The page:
Am I missing something? 9 replies

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Andron Taps Forum Mod

Faktrl is Best Pony

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#1 4 years ago

So I'm looking for a job, any job, and I'm looking all around for non-student jobs on campus. What do I find?

Administrative assistant- 20hrs a week - decent pay. Not bad. But wait!

First: you have to have a high school diploma, but that's not enough! You also have to have either 5 years of secretarial experience or a bachelor's degree...

...WHAT?

I swear to christ, in the next five years you'll need a master's degree in chemical engineering just to run the fryers at a McDonalds.

>_>


"I'd shush her zephyr." ~ Zephyr.



Schofield VIP Member

om :A

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#2 4 years ago

UPS is hiring couriers in my town.

Requirements: Valid driver license Completion of high school not necessary ----8 to 12 months experience----

Where does one get experience driving your vehicles, if one needs to have driven your vehicles to obtain experience?

It seems to be commonplace nowadays; too much population, not enough work. So what do you do? Up the requirements.




Andron Taps Forum Mod

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#3 4 years ago

Well shit man, how else are community colleges and driving schools supposed to stay in business? =p


"I'd shush her zephyr." ~ Zephyr.



Nemmerle Forum Mod

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#4 4 years ago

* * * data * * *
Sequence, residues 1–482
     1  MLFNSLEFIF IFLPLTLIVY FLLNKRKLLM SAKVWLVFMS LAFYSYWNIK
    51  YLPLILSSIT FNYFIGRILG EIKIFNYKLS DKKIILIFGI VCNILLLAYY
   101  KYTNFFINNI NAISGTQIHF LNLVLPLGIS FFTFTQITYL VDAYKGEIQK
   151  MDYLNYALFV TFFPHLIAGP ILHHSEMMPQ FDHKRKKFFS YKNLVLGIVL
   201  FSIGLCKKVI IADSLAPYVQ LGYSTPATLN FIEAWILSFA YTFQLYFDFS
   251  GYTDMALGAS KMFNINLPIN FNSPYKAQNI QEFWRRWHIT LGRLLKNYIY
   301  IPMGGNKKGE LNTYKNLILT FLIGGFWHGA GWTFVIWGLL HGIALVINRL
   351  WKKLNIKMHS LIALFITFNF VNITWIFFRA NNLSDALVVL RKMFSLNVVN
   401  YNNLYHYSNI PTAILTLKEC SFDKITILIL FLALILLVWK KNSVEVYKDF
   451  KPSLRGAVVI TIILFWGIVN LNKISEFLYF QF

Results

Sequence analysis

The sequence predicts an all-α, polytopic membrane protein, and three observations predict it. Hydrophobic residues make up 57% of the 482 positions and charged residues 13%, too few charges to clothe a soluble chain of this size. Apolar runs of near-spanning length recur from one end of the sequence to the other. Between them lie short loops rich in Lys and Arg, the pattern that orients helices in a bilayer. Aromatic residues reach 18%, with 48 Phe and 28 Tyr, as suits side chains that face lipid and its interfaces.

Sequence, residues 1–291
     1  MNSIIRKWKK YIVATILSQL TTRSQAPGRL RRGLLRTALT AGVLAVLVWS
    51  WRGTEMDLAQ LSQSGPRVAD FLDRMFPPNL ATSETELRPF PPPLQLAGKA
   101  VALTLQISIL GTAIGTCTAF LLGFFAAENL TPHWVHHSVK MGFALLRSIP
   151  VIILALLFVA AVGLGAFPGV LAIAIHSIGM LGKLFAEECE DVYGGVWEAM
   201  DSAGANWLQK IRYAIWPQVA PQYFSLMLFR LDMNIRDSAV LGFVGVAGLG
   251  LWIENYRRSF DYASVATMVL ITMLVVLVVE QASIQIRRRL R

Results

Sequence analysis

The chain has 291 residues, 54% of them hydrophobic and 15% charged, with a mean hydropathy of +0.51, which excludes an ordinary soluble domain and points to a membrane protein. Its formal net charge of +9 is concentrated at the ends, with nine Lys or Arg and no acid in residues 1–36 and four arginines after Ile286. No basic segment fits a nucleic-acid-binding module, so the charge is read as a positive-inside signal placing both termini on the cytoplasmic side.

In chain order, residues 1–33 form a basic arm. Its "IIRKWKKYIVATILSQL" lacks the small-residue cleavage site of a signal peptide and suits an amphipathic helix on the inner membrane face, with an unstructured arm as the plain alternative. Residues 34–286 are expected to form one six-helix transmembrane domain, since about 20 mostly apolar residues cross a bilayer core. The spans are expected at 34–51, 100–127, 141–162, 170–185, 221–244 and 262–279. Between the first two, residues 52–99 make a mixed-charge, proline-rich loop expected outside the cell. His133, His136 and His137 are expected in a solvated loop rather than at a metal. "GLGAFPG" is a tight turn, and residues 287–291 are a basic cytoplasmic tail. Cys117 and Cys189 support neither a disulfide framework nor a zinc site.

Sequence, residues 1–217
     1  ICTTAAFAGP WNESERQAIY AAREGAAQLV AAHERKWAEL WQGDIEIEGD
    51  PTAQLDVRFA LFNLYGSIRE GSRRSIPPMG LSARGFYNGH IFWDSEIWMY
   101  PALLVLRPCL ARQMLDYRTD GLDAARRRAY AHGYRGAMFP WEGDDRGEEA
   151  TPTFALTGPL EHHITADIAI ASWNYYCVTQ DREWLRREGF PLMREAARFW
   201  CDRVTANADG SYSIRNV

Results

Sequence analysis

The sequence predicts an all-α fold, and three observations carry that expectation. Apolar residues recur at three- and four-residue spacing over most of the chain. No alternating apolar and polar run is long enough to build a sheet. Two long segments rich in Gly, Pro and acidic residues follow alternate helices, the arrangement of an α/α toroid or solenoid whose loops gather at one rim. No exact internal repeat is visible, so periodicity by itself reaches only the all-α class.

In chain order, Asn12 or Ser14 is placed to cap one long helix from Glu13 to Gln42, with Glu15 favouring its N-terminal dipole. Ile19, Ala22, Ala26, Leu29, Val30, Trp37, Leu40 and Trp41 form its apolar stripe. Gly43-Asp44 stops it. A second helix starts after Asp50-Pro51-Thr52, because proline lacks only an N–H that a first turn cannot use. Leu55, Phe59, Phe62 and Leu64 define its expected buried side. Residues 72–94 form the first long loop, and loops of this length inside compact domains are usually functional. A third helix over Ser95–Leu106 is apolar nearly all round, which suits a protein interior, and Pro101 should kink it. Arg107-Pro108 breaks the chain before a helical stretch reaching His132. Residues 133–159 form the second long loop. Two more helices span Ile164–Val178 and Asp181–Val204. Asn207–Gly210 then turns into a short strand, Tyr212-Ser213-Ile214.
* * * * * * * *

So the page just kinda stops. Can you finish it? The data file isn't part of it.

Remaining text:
Am I missing something?

Companies tend to be highly risk averse. There are plenty of people out there who have left college and are desperate for a job, any job. And there are plenty of people who've been doing admin stuff for five years or more. There's also the fact that the adverts tend to be written by people who don't actually do the jobs.

Especially given that 'admin' is,

A) Poorly defined

and

B) Generally a shrinking area of employment

It's not particularly surprising that they'd require either high qualifications for significant employment experience.

I suppose another way to look at it is that if certificates of education have low value, you need a lot of it to purchase a job. If you could trust the lower schools to have done their job, perhaps you'd only need an HS diploma or experience. But would any of us really accept that someone with an HS diploma wasn't a total retard/unreliable?

What do you think the result of low powered evidence, information loss on actual requirements, and a dying role is going to be? ;)

Lots of things are like that really.




Andron Taps Forum Mod

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#5 4 years ago

It's not just admin. Pretty much any job that involves selling stuff or standing at a cashier.


"I'd shush her zephyr." ~ Zephyr.



Schofield VIP Member

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#6 4 years ago

That's one issue... a lot of menial jobs which give young people a way into the work force are being done by computers now. Our local Wal-mart only has two cashiers left, the other 18 'cashiers' are all automated. That's what, like 20-25 positions no longer necessary, and when you add that up for the various other retailers out there, well you've got a problem.